Indiana's cattle producers -- their billion-dollar-a-year industry threatened by an obscure bacterium -- turn their eyes anxiously to Franklin County.
There on a small farm lived a cow that had bovine tuberculosis. The disease was detected in the cow at a slaughterhouse in Pennsylvania in December.
The State Board of Animal Health tested all the cows on the Franklin County farm and an adjacent cattle farm for bovine TB -- twice. All tested negative.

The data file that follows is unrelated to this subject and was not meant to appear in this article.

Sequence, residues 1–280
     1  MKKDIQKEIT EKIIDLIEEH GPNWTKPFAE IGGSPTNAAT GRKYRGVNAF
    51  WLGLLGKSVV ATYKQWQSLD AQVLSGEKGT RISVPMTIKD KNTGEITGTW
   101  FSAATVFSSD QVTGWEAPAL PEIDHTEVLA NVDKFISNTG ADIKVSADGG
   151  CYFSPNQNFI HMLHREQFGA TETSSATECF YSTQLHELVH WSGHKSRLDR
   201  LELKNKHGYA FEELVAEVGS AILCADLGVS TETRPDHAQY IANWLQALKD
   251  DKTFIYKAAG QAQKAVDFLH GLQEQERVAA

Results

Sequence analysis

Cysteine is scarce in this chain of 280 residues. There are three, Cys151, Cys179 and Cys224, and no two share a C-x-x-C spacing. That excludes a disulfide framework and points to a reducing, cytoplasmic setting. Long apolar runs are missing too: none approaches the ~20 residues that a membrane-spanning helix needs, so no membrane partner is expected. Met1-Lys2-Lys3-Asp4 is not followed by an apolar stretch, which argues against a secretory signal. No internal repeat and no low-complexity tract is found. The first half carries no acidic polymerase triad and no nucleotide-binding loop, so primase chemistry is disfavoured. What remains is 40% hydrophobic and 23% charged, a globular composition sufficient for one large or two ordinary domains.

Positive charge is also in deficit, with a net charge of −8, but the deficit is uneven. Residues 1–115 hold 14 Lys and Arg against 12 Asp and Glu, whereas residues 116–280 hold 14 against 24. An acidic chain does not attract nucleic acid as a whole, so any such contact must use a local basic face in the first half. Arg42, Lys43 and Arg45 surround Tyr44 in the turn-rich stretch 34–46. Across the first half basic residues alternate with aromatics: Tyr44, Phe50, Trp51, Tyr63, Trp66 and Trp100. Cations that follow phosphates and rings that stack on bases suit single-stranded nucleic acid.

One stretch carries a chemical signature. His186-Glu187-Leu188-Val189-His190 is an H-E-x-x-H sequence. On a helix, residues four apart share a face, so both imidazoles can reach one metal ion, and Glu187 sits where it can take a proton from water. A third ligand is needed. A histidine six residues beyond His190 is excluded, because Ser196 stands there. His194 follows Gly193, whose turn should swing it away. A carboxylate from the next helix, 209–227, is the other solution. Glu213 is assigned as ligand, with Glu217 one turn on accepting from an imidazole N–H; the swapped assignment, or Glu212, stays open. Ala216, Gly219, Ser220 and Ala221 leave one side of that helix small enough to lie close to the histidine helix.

Bovine TB, highly contagious, can be passed to cattle by deer, so the Department of Natural Resources culled 30 wild deer in the area and tested them. The results won't be in until October.
If bovine TB is discovered, it would increase the likelihood of it showing up in a second herd. And that could spell trouble.
Bovine TB can affect all warm-blooded vertebrates, though it is no longer much of a threat to humans as long as they drink pasteurized milk and cook meat thoroughly.
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